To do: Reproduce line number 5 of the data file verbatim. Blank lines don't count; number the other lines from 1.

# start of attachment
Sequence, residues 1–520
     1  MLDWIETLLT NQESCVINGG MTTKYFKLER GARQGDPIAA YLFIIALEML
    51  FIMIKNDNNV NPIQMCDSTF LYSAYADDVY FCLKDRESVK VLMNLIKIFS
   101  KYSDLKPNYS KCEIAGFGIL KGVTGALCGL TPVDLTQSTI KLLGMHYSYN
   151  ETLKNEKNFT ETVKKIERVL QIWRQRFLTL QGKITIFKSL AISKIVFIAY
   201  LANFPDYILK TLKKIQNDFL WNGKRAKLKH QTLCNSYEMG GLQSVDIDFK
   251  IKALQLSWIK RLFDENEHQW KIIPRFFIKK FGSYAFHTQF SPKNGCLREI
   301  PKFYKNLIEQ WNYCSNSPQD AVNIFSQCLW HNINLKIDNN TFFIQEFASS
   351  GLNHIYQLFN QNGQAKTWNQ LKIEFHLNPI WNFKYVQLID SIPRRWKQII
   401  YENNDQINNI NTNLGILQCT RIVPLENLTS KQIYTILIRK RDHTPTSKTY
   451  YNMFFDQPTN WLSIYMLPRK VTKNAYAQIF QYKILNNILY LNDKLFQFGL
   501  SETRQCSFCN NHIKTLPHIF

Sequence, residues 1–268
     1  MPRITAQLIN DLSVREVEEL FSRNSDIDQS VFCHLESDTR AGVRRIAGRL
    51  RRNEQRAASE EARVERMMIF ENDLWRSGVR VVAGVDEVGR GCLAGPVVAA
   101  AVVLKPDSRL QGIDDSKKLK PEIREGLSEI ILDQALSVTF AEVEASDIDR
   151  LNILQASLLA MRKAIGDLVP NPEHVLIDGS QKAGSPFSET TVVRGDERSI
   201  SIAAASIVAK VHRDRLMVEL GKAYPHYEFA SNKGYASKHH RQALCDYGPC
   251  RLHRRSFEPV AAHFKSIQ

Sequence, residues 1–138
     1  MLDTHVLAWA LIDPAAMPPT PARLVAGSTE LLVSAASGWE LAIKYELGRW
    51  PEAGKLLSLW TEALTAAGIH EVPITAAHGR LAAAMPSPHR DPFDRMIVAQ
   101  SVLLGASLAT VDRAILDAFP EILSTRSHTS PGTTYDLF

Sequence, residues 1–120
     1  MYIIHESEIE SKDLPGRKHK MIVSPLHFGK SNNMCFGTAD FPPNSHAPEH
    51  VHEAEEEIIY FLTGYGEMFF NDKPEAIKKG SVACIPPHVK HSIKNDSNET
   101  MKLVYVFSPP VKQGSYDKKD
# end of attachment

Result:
   151  ETLKNEKNFT ETVKKIERVL QIWRQRFLTL QGKITIFKSL AISKIVFIAY